Search and bid for a public contract
UK decision to invoke Article 50 of the TEU: More information
As of 30 March 2019, all EU law will cease to apply to the UK, unless a ratified withdrawal agreement establishes another date, or the European Council and the UK decide unanimously to extend the two-year negotiation period. For more information about the legal repercussions for businesses:
The procedure for bidding for a public tender varies depending on the type of contract and the contract value. The standard way of awarding contracts is through competitive tendering. Within competitive tendering there are different types of procurement procedures.
Search for a public tender
The value of the contract, and for tenders below certain thresholds (lower value tenders), the place where the buyer is located dictates where the tender is published.
Tenders covered by EU rules
For higher value tenders, public authorities are obliged to publish notices on the Tenders Electronic Daily (TED) portal. Basic information is published in the 24 official EU languages but the full procurement notices only need to be published in one official EU language.
Tenders not covered by EU rules
For lower value tenders, the public authority that launches the tender usually only publishes it on their national public procurement portals. If you are interested in taking part in these tenders you will have to monitor the portals of the countries that interest you. You can also register for alerts, when available.
Tenders from EU institutions
Mid-value and higher value tenders from EU institutions, agencies or other bodies are published on the Tenders Electronic Daily (TED) portal. All notices from the EU institutions are published in full in the official EU languages.
Tenders Electronic Daily (TED) portal
The Tenders Electronic Daily (TED) portal is the online version of the Supplement to the Official Journal of the EU where all higher value European public procurement tenders are published. You can browse, search and sort procurement notices by subject, country, purchaser and more, and if you register on the portal you can save your personalised searches and set up email alerts.
Contracting authorities and entities publishing in TED must use a Common Procurement Vocabulary (CPV) classification. The classification number used can make it easier for you to find notices you may be interested in.
When bidding for a public tender published on TED, in most cases, you must submit your offer electronically.
During the procurement procedure purchasers may request you send them certain documentation relating to your status or experience. You can use the e-Certis information portal to help identify certificates requested by the purchasing authorities from another EU Member State. The functions on the e-Certis platform are available in all EU languages, but example documents are only available in the original languages of use.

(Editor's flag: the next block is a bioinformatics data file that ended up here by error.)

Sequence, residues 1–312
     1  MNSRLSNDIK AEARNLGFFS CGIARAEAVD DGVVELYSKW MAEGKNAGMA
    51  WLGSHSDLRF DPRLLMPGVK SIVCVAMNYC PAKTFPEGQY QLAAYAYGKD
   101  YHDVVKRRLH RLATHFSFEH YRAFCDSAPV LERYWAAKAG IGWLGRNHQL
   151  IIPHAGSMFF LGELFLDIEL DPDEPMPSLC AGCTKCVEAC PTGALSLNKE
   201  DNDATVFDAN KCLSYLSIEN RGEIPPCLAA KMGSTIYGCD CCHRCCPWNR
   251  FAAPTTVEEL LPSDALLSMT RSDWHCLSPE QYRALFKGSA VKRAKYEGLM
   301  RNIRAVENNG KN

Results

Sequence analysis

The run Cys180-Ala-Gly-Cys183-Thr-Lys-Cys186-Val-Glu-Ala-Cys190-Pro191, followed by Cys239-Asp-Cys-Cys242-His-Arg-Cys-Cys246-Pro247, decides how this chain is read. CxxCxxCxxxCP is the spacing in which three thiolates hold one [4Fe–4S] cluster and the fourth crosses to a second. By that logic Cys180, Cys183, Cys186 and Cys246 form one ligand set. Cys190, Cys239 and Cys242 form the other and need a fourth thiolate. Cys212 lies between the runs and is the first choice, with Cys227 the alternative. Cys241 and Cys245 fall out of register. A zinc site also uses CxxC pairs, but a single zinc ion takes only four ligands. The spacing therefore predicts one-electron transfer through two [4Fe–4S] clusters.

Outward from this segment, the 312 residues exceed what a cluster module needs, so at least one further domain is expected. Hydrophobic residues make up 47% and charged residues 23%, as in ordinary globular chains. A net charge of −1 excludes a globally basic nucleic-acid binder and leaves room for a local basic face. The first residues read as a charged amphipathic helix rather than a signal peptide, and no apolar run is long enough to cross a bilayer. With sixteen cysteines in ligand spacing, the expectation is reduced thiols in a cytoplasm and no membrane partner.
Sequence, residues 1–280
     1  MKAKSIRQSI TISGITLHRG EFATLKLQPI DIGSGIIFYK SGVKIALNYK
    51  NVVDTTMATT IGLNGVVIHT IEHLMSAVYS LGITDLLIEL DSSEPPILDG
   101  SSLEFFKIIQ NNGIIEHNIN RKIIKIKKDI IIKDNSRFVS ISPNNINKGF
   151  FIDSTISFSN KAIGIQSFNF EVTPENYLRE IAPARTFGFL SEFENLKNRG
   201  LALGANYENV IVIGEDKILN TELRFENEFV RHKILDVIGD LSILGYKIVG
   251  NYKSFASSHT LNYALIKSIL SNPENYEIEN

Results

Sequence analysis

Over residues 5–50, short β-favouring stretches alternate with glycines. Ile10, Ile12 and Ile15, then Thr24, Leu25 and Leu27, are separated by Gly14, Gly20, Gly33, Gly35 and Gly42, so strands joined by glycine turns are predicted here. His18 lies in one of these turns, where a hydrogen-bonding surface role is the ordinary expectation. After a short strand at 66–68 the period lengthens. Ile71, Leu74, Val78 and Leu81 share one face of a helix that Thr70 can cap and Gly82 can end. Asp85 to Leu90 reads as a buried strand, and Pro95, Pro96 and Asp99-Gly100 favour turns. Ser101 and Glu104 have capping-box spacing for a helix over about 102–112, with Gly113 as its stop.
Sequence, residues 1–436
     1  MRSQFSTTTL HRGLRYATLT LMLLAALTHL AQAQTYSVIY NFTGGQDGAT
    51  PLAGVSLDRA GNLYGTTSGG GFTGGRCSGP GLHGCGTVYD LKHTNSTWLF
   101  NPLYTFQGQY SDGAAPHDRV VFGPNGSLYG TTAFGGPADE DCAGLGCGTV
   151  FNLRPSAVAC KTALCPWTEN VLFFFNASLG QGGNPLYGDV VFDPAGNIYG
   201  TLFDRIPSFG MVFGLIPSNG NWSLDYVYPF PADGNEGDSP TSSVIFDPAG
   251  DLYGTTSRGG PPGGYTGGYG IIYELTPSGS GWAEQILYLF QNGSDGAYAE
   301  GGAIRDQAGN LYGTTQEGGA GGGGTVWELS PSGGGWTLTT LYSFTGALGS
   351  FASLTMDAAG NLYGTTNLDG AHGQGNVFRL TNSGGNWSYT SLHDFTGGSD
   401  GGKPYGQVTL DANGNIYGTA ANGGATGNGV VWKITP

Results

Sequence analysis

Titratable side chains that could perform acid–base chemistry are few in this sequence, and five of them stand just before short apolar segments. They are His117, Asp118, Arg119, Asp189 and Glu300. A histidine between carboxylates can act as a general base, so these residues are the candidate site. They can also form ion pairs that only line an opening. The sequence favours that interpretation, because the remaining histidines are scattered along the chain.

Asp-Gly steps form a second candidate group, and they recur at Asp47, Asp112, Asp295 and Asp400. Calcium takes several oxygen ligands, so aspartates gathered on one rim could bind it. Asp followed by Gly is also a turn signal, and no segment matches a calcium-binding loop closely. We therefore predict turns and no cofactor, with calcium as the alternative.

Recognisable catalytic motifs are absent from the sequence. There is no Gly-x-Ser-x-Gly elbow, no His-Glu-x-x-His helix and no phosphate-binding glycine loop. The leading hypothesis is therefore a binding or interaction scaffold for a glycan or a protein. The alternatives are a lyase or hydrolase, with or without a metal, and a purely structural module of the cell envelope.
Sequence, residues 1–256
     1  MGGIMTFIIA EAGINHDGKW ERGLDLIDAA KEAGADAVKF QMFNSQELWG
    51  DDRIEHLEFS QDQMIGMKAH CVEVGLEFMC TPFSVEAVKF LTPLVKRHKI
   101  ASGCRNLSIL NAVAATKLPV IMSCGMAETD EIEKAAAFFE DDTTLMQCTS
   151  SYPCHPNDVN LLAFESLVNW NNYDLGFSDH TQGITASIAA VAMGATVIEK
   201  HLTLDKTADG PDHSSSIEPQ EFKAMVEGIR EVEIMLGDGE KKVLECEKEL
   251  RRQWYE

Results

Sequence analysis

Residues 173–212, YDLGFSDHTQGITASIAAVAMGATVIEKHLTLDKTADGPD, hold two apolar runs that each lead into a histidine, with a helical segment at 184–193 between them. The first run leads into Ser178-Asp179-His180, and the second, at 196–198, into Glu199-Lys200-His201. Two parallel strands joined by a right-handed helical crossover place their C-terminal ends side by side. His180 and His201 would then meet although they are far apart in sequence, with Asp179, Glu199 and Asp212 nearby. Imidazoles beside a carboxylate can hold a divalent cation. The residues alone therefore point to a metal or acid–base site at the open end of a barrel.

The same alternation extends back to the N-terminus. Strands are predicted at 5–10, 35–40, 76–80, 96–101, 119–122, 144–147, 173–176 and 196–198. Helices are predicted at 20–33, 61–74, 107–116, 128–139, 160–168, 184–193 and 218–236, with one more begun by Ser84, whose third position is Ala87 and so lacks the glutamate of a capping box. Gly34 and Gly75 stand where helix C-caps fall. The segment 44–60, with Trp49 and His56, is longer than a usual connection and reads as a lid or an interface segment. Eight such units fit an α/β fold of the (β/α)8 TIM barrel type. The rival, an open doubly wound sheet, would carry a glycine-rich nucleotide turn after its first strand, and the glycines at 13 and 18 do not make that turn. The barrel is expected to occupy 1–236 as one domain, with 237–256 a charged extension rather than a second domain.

Supporting documents about your professional situation
When you submit an offer for a tender that is published in TED, you have to declare that your business has the professional and financial capacity to be able to implement the contract you are bidding on, by filling out the digital form known as the European Single Procurement Document (ESPD).
You do not need to provide any documents about your professional situation at the stage of submitting your offer, but be aware you will need to provide these documents as proof if you win the tender.
If your company doesn't have the required capacity to bid for a tender, you have the option to submit a tender by pooling your resources with your business partners.
Mistakes when submitting offers
When preparing an offer you should make sure that you have fulfilled all the requirements as stated in the tender documents because errors or omissions when submitting your offer could well lead to rejection. There are no concessions if you apply after the deadline.
Deadlines for submitting tenders
The time limit set by purchasers should be sufficient to give you reasonable time to prepare offers; the minimum time limit can differ depending on the type of the procurement procedure.
You have at least 30 days from the publication date of the contract notice to submit a tender if a prior information notice wasn't published. If a prior information notice was published, the time limit should be at least 15 days.
You have at least 30 days from the publication of the contract notice to send your request to participate.
The shortlisted candidates then have at least 25 days to submit their tenders, from the date when the invitation to submit the tender was sent if a prior information notice wasn't published. If a prior information notice was published, the time limit should be at least 10 days.
Competitive negotiated procedure
You have at least 30 days from the publication of the contract notice to send your request to participate. The shortlisted candidates then have at least 30 days to submit their initial tenders.